Robert Rogers

Local eatery alive with history, flavor

Pepito’s Deli has been a local institution since the late-1970s, serving Richmond authentic cuisines passed down through generations of the Mexican American family that still owns and operates the restaurant.

Cool-headed cop has eye on crime reduction

He walked from a work car to his SUV, lifted the hatch and dug into his personal items, sifting in the methodical way he does most things. A bottle of clear hand sanitizer. A handy flash-drive that holds all his reports. A cache of shells and a sleek, black shotgun. Just after 8 a.m., the weather was mild with an ocean breeze. Fresh off his morning briefing, he was ready for a day at the office. In a city known for…

Patrolling Richmond’s ‘Iron Triangle’

Phillip Sanchez comes to work with a crisp uniform and courteous demeanor. He’s recognized at the local Starbucks, where he likes to start off his day with a coffee and pastry. But the normalcy stops there. Sanchez’ office is one of the most crime-addled neighborhoods in the nation. Officer Sanchez patrols one of nine beats, the notorious Iron Triangle, a three square-mile area that owes its name to the railroad tracks forming its boundaries in central Richmond. The triangle is…

Troubled tracks?

Max Rivera can’t shake the memory. As he lay in bed during the wee hours of Aug. 15, Rivera heard a commotion. The sounds of rustling and some voices – maybe distressed voices – drifted into his small bedroom from out near the railroad tracks a few paces behind his home. Rivera thought about going out to check, but he didn’t. The noises weren’t out of the ordinary. Ever since he had moved his family in a few years earlier,…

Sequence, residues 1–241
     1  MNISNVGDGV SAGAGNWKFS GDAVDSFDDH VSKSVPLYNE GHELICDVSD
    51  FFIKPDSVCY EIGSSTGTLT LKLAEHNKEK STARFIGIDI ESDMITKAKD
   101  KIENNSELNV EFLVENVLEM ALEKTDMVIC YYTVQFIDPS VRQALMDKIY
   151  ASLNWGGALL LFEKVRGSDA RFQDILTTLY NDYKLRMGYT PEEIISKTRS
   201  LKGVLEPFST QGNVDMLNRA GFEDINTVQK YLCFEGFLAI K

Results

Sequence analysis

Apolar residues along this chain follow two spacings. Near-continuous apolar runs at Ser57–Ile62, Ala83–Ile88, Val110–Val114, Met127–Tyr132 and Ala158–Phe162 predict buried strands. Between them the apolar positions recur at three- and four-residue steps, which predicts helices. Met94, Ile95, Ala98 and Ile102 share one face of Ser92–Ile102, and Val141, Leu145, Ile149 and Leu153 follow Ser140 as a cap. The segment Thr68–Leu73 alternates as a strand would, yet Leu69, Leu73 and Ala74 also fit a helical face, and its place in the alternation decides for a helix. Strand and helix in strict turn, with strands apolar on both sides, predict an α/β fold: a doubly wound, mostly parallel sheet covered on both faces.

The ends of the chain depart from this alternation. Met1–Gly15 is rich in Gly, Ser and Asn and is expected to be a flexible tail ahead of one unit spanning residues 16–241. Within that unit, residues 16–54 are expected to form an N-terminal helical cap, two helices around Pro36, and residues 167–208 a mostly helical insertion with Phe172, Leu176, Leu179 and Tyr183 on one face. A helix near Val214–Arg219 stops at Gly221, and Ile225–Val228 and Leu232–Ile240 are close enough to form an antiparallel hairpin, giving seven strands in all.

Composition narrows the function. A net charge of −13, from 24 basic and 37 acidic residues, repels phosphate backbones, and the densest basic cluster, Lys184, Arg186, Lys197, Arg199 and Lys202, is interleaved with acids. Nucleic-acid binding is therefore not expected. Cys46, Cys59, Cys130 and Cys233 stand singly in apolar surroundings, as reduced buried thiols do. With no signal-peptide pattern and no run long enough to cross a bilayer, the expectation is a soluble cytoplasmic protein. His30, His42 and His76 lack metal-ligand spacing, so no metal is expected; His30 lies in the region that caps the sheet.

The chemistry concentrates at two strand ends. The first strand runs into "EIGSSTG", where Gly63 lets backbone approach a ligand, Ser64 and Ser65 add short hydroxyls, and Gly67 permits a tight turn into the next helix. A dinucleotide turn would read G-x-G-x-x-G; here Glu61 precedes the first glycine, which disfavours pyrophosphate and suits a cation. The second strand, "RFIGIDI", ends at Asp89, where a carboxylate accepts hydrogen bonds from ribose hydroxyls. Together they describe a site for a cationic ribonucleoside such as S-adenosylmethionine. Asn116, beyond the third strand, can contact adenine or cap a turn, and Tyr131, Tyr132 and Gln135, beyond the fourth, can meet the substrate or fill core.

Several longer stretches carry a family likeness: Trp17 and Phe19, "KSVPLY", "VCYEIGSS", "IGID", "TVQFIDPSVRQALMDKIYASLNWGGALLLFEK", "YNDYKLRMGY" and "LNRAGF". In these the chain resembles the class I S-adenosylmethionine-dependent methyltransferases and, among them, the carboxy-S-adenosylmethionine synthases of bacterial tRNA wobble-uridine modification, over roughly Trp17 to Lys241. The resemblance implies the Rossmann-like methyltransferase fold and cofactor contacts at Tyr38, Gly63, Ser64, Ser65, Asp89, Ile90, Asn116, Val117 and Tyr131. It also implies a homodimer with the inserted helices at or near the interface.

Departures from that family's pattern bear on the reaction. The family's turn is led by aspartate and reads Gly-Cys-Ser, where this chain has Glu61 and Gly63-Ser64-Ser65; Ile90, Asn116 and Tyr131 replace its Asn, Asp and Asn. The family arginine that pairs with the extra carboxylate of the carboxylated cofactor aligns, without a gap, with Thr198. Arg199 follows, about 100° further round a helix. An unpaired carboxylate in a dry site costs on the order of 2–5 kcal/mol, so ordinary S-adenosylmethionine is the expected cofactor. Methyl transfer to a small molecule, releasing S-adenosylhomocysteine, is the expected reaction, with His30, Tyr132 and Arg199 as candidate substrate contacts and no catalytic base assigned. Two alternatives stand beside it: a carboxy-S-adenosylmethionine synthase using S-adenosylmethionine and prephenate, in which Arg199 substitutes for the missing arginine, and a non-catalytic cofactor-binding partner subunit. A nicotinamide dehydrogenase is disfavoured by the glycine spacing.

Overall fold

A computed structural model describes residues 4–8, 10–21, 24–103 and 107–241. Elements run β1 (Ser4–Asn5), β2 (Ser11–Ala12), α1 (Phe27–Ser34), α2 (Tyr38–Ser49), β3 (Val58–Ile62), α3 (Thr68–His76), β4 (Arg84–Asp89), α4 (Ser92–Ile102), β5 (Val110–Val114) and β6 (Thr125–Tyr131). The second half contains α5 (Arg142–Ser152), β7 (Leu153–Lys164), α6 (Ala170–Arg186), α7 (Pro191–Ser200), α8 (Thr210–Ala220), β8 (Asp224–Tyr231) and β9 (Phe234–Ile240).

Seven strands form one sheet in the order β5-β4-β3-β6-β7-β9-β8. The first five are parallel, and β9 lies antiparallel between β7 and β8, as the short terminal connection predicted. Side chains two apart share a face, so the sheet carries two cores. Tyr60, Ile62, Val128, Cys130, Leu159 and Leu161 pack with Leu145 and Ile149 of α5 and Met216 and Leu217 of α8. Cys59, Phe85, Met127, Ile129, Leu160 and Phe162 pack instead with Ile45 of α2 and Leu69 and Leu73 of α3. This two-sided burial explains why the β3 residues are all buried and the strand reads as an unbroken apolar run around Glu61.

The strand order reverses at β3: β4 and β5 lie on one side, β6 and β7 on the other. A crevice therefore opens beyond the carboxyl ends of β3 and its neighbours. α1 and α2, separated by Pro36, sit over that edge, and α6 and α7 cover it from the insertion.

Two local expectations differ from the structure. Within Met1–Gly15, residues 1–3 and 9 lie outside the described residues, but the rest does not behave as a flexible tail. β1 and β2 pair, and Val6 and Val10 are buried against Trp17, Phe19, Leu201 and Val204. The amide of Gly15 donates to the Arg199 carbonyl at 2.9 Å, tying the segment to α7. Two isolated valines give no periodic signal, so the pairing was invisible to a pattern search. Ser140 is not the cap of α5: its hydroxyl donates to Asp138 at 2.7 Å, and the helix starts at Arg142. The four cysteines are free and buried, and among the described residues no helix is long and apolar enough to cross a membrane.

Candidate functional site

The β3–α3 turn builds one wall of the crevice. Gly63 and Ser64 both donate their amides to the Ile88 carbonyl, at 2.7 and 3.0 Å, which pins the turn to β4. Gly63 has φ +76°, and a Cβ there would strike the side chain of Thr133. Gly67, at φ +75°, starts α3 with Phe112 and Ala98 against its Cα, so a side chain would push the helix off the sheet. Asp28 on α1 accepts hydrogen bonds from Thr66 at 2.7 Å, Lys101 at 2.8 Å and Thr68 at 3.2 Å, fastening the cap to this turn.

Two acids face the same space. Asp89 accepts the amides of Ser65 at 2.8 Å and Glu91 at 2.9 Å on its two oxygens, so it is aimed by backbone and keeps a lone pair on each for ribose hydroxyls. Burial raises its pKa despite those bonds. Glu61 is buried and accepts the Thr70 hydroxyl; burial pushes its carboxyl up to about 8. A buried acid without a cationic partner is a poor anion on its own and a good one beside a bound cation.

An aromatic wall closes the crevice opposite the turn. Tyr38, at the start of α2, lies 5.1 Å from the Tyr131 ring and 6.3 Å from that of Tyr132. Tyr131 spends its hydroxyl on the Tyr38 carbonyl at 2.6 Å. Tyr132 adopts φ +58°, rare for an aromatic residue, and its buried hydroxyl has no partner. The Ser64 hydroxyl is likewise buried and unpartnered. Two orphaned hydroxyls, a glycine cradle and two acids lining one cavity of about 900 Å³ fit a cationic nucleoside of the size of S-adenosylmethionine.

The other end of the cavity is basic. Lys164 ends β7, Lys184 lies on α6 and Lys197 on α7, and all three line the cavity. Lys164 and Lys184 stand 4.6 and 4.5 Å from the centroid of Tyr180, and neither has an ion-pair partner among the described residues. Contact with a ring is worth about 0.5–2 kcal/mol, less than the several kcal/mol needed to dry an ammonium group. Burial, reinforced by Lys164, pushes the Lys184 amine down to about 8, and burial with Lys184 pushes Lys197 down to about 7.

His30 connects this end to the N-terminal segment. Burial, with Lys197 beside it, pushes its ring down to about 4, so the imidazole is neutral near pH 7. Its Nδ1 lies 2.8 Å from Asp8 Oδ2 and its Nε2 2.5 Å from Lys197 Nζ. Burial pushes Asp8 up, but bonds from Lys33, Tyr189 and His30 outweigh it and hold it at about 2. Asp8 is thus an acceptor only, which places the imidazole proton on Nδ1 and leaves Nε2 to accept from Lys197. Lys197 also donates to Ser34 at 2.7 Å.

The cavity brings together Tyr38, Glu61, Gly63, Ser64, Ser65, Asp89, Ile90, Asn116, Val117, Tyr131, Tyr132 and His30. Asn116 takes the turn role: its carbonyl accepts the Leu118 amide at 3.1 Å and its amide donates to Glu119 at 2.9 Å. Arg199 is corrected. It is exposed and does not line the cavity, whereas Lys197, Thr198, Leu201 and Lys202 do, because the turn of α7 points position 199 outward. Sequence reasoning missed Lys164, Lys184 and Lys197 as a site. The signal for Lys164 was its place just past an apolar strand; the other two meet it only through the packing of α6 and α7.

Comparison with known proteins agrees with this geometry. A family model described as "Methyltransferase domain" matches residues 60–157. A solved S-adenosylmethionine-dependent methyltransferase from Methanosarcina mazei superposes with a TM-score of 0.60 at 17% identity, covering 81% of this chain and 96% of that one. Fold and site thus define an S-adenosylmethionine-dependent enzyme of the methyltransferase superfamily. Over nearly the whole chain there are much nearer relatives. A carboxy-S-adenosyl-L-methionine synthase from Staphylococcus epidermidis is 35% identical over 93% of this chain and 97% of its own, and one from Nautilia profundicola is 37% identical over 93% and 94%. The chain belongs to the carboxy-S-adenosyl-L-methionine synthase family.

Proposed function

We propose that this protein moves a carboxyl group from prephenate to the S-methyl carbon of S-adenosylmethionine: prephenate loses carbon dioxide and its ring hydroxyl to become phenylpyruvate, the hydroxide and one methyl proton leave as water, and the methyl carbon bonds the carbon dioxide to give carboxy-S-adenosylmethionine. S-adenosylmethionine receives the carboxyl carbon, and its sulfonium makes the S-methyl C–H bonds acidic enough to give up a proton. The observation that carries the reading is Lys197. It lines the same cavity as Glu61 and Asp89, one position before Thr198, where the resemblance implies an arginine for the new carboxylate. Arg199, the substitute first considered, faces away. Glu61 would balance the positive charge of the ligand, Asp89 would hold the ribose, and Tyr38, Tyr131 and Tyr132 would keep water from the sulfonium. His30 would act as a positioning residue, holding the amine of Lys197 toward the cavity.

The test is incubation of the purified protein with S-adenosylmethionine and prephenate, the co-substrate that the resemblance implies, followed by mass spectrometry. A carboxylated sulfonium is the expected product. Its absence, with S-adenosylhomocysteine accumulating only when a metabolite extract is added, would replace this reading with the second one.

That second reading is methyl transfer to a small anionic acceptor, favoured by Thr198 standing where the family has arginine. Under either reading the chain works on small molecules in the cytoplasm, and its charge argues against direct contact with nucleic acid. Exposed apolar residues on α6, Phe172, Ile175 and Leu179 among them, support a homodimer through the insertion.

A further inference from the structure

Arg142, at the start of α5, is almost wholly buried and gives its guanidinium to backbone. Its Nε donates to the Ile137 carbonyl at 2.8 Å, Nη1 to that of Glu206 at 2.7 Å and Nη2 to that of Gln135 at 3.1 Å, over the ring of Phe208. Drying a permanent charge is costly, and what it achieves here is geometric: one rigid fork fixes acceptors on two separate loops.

In tough economy, pain trickles to the bottom

A few hundred yards off the Santa Fe Channel’s waters, beneath the moving silhouettes of the massive tankers that float to dock, lies the little stretch of railroad track that serves as a gathering point for Richmond’s men and women who scavenge for scrap.

History to make way for housing

Richmond’s Japanese nurseries were mostly purchased before passage of the Alien Land Law in 1913, which barred Japanese immigrants from owning property. During WWII, the Japanese families who owned the Richmond nurseries were forced from their land and moved into detention camps. Today, the vestiges of these once great enterprises are targeted for redevelopment.